Dead Wake: The Last Crossing of the Lusitania, by Erik Larson

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5 out of 5 stars, History, Non-Fiction

I read a lot of Clive Cussler, and similar thrillers that often involve disasters at sea, and reading this book, a non-fiction account of a real disaster that was at least as dramatic and terrible as what goes on in a Clive Cussler adventure, I felt like I was reading a fiction thriller, not a history book. I have read about the Lusitania many times in history classes in school, and knew a lot of the facts going into reading this book, but they were just dry facts, and while I understood the historical context of this historic disaster, I really didn’t have a sense of the sinking of the Lusitania as a real event with real people.

However, in Larson’s book the people of the Lusitania are real, and as interesting and relate-able as characters in a well-paced novel. This is history writing as it ought to be, storytelling that, while well-researched and backed by good source materials, is focused on relating the events of the past to people in the present, telling us our collective stories so that the people and events of our collective past survive into future generations, not just as dry and forgettable facts on a textbook page but as the experiences of people just like us who we can understand, remember, and learn from.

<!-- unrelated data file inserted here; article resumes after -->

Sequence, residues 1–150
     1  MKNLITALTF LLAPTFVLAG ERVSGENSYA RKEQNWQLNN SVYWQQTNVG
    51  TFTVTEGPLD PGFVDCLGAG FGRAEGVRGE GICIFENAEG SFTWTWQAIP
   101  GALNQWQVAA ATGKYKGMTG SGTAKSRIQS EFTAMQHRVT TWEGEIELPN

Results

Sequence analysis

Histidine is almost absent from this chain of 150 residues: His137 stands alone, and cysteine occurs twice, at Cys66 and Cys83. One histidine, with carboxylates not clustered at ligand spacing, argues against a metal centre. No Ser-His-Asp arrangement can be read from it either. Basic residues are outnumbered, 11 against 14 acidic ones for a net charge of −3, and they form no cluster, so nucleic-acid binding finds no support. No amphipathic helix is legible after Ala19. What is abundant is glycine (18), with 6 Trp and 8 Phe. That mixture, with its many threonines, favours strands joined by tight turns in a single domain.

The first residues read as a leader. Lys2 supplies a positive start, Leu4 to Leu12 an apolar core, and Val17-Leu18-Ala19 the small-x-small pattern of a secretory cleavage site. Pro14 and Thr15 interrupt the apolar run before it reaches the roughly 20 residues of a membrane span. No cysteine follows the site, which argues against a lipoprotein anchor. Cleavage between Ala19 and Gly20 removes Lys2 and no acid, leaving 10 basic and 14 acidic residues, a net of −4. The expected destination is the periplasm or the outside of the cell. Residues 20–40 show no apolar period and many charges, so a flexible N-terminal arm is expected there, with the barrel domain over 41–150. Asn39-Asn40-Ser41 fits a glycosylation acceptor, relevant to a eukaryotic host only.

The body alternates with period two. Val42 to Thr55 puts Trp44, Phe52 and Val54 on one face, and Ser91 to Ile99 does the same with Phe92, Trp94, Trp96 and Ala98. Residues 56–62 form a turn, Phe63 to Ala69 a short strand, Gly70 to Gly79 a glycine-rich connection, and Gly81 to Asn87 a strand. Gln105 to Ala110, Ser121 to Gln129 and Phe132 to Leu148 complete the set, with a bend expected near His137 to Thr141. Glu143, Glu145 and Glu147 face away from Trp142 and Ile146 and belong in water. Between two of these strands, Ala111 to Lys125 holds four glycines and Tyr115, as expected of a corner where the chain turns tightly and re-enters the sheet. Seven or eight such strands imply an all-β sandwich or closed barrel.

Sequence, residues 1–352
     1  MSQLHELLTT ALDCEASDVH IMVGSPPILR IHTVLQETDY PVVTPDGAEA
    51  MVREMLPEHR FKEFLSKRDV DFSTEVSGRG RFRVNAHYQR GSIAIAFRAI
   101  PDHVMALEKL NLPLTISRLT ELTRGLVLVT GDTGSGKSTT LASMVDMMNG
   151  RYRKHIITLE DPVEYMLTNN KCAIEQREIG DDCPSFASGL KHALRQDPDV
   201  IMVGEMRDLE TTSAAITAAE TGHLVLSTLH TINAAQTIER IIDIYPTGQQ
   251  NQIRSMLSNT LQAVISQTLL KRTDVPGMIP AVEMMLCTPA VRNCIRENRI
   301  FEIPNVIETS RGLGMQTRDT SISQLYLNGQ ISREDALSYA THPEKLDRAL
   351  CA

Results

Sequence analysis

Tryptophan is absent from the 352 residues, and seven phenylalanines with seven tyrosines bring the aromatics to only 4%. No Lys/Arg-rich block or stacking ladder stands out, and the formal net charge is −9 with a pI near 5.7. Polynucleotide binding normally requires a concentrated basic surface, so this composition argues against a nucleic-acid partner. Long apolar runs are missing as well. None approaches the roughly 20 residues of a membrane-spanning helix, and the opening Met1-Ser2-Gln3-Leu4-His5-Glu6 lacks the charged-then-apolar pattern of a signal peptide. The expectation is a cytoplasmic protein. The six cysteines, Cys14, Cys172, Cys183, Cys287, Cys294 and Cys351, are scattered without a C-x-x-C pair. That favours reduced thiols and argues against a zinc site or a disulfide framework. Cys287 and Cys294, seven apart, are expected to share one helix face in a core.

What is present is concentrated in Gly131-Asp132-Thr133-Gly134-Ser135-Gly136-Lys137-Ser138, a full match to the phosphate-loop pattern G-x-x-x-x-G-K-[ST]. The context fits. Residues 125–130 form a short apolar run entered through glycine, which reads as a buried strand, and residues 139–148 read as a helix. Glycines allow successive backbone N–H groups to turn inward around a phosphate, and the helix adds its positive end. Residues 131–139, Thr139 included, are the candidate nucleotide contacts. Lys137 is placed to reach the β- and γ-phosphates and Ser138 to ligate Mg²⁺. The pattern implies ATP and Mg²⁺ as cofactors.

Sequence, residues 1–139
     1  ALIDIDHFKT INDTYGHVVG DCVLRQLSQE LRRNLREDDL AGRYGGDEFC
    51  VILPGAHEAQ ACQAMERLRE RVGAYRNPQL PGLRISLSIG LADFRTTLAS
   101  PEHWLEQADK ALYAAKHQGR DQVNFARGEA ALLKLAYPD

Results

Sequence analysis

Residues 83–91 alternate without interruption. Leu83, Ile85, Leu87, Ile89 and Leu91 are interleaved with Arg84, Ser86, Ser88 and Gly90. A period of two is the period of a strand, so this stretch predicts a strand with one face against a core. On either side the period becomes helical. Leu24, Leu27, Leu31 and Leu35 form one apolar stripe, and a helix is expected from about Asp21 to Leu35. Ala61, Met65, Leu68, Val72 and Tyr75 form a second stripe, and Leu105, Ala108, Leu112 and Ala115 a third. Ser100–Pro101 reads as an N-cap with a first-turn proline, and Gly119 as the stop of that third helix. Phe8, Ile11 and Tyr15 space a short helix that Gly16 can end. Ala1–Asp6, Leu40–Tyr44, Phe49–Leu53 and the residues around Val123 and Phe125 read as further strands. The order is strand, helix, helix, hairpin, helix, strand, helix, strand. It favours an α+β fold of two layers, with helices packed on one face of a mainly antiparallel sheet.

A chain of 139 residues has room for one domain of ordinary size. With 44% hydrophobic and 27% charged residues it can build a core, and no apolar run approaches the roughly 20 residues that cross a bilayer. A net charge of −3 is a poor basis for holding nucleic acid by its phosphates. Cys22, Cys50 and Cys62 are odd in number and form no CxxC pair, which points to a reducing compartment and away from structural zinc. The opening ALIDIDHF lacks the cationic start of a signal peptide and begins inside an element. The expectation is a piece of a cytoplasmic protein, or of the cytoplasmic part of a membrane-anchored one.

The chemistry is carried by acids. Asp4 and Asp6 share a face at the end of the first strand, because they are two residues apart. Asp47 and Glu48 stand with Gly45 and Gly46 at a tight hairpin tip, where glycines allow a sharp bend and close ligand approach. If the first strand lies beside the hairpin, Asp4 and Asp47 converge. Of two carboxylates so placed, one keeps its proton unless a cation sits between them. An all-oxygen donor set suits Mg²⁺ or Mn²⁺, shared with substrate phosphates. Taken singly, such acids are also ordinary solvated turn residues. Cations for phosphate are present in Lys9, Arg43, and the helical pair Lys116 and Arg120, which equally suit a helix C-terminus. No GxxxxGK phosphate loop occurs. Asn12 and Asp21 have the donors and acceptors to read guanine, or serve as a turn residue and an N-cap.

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About Ravenmount

Independent science nerd/writer/music blogger/arts enthusiast/theorist currently in Colorado.
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2 Responses to Dead Wake: The Last Crossing of the Lusitania, by Erik Larson

  1. I really want to read this book. It sounds great and definitely informative! I also have Larson’s other book which I hope to read soon:)

    • Ravenmount says:

      It’s definitely well worth reading. Erik Larson has a couple other books I want to read, especially after reading this one- The Devil in the White City(Chicago World’s Fair); In the Garden or Beasts(Germany in WW2); Isaac’s Storm(the historic hurricane disaster of 1900 in Galveston); Thunderstruck(true-crime, a murder in Edwardian London). I’m not sure which one I’ll hunt down to read next, but they’re all on my to-read list.

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